I’ve long been keen on speciality chemicals giant Johnson Matthey (LSE: JMAT). It released its annual results today, which were a bit ahead of market expectations, confirming my bullish view on this FTSE 100 group’s prospects.
Strong growth outlook
Underlying sales of £3.85bn were 7% ahead of last year at constant exchange rates. At the bottom line, underlying earnings per share (EPS) came in at 208.4p, a tad lower than last year’s 209.1p but above a Reuters consensus forecast of 207.99p. The board said it was increasing the dividend by 7% to 80p (versus a forecast 78.7p), “reflecting our confidence in the prospects of Johnson Matthey.” These prospects were reiterated in medium-term EPS guidance of a mid-to-high single-digit compound annual growth rate and an expansion in return on invested capital to 20% (from a current 16.4%).
The group’s largest division, Clean Air (operating profit £349m, 61% of group), has a strong growth driver from tightening environmental legislation across the world. Efficient Natural Resources (£158m, 28%) has market-leading technology focused on higher-growth segments. Health (£44m, 8%) is set to deliver breakout growth with the commercialisation of a pipeline of new generic products, expected to deliver operating profit of £100m by 2025. Finally, in New Markets (£17m, 3%), there’s huge scope, as the company commercialises a next-generation battery material that enables the rapid development of pure battery electric vehicles.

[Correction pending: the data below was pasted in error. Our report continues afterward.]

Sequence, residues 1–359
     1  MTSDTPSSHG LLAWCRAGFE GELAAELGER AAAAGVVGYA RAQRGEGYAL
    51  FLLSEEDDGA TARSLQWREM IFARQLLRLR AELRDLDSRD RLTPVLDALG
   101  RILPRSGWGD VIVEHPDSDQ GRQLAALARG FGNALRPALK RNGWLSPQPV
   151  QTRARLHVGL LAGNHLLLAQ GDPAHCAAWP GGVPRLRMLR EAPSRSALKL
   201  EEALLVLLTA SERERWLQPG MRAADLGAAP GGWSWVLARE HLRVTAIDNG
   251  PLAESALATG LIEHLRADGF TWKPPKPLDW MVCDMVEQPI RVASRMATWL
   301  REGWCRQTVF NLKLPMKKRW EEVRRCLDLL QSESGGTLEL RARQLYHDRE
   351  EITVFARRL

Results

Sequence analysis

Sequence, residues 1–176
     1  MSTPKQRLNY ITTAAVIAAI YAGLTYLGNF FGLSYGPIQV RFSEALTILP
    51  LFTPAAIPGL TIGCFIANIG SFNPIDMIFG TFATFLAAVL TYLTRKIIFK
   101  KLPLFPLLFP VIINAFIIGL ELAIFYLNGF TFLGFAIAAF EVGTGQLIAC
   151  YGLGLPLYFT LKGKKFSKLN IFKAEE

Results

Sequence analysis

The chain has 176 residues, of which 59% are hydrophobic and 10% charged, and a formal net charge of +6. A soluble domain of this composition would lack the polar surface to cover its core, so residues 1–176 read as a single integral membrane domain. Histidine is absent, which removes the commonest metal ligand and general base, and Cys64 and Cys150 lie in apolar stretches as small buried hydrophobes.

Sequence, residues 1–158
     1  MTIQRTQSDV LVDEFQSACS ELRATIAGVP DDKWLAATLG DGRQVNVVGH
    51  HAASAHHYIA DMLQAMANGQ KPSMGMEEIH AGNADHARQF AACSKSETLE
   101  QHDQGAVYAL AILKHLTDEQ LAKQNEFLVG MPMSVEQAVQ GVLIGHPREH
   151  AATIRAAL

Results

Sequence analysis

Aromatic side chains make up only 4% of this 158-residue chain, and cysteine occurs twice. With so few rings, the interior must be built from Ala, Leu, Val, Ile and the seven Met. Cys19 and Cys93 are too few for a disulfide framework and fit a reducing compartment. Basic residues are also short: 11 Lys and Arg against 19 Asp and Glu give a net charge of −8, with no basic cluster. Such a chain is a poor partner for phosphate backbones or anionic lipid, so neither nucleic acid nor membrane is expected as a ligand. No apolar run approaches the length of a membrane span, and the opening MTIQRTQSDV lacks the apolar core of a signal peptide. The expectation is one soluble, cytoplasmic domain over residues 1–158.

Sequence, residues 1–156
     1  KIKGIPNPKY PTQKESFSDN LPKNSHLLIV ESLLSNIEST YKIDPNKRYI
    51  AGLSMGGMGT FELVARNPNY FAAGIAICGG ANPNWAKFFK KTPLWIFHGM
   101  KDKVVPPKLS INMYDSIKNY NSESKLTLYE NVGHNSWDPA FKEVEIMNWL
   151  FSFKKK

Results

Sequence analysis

At a share price of 3,425p, Johnson Matthey’s trailing price-to-earnings (P/E) ratio is 16.4 and the running dividend yield is 2.3%. The shares are now 7% higher than when I wrote about the company at the half-year stage. However, given the solid outlook for earnings and dividend rises and potential for explosive longer-term growth, I view the valuation as still attractive and continue to rate the stock a ‘buy’.
Favoured by demographics
Another FTSE 100 company that enjoys strong external drivers for long-term growth — in this case demographics — is medical technology giant Smith & Nephew (LSE: SN). The group is well balanced across three divisions: Sports Medicine, Trauma & Other ($1.9bn revenue last year, 40% of group), Reconstruction — knee and hip implants ($1.6bn, 33%), and Advanced Wound Management ($1.3bn, 27%).
EPS last year came in at $0.945, 14% ahead of the previous year, and the company increased its dividend by the same percentage to $0.35. At a share price of 1,375p and current exchange rates, the trailing P/E is 19.4 and the running dividend yield is 1.9%.
Long-term growth still in prospect
Earlier this month, it reported a weaker than expected Q1 and lowered its guidance on full-year revenue growth to between 2% and 3% from its previous 3% to 4%. I wouldn’t go as far as my Foolish colleague Royston Wild in labelling this as chilling news, but the performance in 2018 is certainly set to be muted.
Nevertheless, I view the shares as still very buyable, due to those long-term drivers for growth I mentioned earlier. Finally, I don’t see a recent change of chief executive after seven years as a cause for concern. Indeed, the incoming CEO is an industry veteran, who, in the words of Smith & Nephew’s chairman, “has demonstrated that he can energise businesses to deliver better performance and greater value to shareholders.”
G A Chester has no position in any of the shares mentioned. The Motley Fool UK has no position in any of the shares mentioned. Views expressed on the companies mentioned in this article are those of the writer and therefore may differ from the official recommendations we make in our subscription services such as Share Advisor, Hidden Winners and Pro. Here at The Motley Fool we believe that considering a diverse range of insights makes us better investors.